Announcements/
Press Releases
April 2014

TNC Bantam Wolverines win PLC SPORTS NO BODY CHECKING WORLD CHAMPIONSHIPS tournament

March 2013

Survey: 87 per cent of Canadians feel that hockey carries a “significant risk” of head, neck and brain injury

Click to read article from the Globe and Mail

April 2012

Interesting article from the website
Best Player of the World
Click here to read

April 2012

TNC Bantam Blue Sharks beat TNC White Sharks to win PLC SPORTS NO BODY CHECKING WORLD CHAMPIONSHIPS tournament
The TNC Peewee Lightning and Wolverines finish 3rd and 4th

February 2012

TNC Peewee Hornets win
Burlington Tournament
The TNC Peewee Hornets beat in the final the TNC Redhawks to win the Burlington Tournament.
The TNC Bantam Wolverines finish 2nd and the Bantam Sharks finish 3rd with the RedHawks finishing 5th.

March 3, 2012

Teenagers Are More Vulnerable to Sport Concussions
Research results published in "Brain Injury" by Université de Montréal neuropsychologist Dave Ellemberg - Feb 2012

May 4, 2011
OHF bans bodychecking at the Select level for ALL ages
Click here for more

New study of concussions
among NHL players

Monday April 18, 2011
in CMAJ
Syd Johnson, a bioethicist from Dalhousie University in Halifax calls for the elimination of bodychecking in all but the most elite levels of youth hockey, where players are at least 16 years old to reduce concussions and other serious injuries:
Her analysis article was published in the Canadian Medical Association Journal.
Watch report from Global News National where Phoenix Tashlin-Clifford one of TNC players is interviewed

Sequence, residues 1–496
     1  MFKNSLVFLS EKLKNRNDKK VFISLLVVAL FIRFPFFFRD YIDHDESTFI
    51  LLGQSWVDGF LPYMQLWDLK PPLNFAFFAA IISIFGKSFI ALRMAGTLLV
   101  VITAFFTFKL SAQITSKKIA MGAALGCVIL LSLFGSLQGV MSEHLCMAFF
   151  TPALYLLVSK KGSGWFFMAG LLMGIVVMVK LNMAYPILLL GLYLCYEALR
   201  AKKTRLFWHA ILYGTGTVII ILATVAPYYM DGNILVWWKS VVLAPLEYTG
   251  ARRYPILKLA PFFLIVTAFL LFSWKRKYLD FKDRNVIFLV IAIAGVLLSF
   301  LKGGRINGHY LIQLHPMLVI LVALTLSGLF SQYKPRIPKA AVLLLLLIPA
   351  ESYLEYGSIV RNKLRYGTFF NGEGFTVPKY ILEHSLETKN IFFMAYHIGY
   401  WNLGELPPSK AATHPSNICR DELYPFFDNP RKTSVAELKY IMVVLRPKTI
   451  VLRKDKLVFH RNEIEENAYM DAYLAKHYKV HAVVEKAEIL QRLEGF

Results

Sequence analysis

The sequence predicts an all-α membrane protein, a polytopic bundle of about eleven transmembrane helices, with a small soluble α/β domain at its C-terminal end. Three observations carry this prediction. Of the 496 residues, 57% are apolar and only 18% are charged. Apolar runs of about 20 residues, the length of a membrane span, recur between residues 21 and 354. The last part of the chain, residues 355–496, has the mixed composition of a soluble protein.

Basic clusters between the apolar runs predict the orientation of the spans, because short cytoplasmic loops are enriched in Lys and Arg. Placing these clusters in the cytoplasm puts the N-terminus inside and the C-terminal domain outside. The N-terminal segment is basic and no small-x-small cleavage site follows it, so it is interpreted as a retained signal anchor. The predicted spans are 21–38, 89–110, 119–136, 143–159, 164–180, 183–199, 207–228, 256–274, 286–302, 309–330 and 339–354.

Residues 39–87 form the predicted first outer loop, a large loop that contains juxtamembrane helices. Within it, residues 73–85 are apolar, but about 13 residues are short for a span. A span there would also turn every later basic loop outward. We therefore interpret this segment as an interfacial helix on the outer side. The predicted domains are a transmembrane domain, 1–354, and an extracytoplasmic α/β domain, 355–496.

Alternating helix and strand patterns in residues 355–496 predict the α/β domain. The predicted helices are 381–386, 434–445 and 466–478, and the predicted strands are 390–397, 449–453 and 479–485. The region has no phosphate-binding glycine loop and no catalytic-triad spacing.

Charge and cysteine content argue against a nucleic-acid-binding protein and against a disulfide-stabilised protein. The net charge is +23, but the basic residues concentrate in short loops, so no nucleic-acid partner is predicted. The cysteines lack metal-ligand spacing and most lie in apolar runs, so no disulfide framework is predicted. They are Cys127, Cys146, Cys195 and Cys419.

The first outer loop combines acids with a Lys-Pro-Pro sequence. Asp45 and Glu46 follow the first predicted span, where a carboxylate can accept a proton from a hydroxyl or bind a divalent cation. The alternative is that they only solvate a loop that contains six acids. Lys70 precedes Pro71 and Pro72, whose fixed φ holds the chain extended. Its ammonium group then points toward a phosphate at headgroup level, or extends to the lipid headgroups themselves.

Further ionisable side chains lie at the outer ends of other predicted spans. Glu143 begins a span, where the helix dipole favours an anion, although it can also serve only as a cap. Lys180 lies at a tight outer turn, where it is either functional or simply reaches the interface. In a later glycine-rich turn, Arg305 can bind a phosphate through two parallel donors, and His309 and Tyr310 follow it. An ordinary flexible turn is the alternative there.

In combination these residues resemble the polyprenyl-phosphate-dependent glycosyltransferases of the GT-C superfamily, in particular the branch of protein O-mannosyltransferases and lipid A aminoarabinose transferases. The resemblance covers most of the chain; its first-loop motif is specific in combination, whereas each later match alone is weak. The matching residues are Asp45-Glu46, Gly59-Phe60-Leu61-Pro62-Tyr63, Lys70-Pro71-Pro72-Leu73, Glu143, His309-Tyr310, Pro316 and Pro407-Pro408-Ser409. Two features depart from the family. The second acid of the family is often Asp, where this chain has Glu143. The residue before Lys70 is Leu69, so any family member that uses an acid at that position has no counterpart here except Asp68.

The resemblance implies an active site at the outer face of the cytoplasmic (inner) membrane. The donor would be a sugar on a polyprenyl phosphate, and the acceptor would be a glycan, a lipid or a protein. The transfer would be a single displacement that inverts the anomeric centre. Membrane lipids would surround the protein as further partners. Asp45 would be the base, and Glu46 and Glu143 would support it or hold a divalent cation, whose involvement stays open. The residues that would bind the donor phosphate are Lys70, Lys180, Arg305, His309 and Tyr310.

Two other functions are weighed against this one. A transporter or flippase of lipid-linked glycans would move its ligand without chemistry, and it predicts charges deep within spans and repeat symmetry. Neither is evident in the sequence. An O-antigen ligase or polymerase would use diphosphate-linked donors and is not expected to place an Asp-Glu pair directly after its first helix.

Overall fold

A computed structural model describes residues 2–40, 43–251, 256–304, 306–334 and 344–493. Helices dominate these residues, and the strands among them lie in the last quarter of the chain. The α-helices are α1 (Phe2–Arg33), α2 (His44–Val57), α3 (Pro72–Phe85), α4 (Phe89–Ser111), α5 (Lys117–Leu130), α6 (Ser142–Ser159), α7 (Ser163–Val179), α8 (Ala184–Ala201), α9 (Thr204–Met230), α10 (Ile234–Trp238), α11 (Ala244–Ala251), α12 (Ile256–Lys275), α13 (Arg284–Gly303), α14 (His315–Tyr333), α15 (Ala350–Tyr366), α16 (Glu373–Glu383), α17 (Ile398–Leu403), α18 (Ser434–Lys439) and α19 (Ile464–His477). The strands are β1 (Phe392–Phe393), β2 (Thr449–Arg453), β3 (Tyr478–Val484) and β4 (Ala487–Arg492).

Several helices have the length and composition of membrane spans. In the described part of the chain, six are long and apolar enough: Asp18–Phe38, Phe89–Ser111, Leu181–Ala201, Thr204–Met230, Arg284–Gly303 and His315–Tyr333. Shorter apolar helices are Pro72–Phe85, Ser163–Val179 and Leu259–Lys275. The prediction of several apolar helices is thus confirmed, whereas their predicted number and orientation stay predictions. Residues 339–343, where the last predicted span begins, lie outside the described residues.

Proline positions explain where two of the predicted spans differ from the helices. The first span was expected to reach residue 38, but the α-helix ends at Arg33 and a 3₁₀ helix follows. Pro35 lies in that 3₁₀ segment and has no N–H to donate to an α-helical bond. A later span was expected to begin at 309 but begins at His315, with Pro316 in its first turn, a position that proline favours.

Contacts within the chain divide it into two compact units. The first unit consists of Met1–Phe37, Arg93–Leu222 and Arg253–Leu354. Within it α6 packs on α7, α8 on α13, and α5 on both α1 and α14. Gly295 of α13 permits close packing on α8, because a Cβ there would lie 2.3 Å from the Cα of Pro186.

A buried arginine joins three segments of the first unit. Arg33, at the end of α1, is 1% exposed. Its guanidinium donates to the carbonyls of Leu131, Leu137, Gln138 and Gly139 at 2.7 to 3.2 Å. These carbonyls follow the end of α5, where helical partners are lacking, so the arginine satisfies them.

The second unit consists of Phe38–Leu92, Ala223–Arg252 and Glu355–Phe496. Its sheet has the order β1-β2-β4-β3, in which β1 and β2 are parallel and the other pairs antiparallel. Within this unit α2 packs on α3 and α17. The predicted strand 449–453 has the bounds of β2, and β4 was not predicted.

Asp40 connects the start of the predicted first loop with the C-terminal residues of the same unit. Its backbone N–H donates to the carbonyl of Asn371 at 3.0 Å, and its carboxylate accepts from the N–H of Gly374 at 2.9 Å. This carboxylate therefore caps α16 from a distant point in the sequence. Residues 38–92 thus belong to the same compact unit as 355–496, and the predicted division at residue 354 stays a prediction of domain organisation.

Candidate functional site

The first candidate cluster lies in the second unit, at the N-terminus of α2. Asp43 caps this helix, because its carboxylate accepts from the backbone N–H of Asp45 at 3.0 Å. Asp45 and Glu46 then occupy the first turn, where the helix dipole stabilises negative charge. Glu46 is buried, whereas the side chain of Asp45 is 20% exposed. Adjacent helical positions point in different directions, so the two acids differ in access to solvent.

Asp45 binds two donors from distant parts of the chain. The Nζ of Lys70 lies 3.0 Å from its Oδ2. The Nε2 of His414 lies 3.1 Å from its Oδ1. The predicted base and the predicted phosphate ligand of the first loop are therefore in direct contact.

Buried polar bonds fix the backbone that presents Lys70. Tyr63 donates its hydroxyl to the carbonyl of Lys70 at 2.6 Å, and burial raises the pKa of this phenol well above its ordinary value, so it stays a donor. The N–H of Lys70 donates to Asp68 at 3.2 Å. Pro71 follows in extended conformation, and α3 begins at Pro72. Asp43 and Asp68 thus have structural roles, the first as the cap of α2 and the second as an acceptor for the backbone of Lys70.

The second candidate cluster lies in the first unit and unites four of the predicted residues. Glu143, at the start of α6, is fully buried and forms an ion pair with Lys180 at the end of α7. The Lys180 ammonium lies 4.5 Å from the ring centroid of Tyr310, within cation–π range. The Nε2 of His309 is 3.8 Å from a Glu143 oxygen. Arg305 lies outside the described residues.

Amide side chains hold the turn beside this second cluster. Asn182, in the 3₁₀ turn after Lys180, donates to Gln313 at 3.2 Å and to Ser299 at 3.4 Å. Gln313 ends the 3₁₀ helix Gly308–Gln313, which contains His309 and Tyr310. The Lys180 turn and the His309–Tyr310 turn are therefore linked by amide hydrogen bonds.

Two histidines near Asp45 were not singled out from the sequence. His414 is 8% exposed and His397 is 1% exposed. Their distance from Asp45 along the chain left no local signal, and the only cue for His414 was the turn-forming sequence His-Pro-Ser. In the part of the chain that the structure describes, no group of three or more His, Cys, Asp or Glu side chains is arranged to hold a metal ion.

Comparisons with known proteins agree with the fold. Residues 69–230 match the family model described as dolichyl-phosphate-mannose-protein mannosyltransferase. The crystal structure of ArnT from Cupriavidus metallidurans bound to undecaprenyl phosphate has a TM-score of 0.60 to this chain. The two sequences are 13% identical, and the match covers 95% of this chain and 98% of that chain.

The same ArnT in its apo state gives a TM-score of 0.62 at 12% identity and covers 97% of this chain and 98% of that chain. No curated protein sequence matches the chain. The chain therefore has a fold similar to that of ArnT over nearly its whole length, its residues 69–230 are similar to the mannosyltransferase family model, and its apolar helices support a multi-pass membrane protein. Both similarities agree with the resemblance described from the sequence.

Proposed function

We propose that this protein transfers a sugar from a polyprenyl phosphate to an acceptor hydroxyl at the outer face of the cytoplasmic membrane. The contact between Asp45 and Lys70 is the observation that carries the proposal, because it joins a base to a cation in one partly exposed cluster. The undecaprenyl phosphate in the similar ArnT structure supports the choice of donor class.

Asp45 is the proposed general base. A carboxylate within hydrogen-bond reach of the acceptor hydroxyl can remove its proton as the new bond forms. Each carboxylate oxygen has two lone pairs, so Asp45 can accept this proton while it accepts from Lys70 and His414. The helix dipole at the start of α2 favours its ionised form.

2011 TNC Hockey
Final Fun
Hockey Night
2011 TNC Peewee
Champs 2-5 Allstars

2011 TNC Bantam
Champs 1-2 Allstars


click here for more...

2011 PLC WORLD
No Body Checking
Hockey Championships
in Barrie Ontario
TNC Peewee Sharks
win Bronze
with a 4-0 record!

Ryan Harrs
wins Peewee Goalie
Competition!

and Clark Schlesinger
wins Peewee player award!

click here for more...
-New Study published
Tuesday March 15, 2011
in Open Medicine
proves the obvious:
"Bodychecking is the major contributor of serious injuries in minor hockey" and that "hitting younger is not better".
Read more in the Globe

Our own TNC
SHARKS
win GOLD

-New Season starts
Sat Sep 11, 2010
Read more

-Wolverines Win
The 1st TNCHL Champions Cup

Read more

-The Death of a Canadian Institution:
Barely on Life Support!

By Emile Therien
Read article

Brad Dalgarno
talks about TNCHL

Letters to TNCHL/
Richard Wennberg, MD,FRCPC
Neurologist, University of Toronto

Scientific studies have clearly indicated that injuries, including concussions, occur more frequently among 11 and 12 year old players in leagues that permit body checking compared to non-contact leagues ...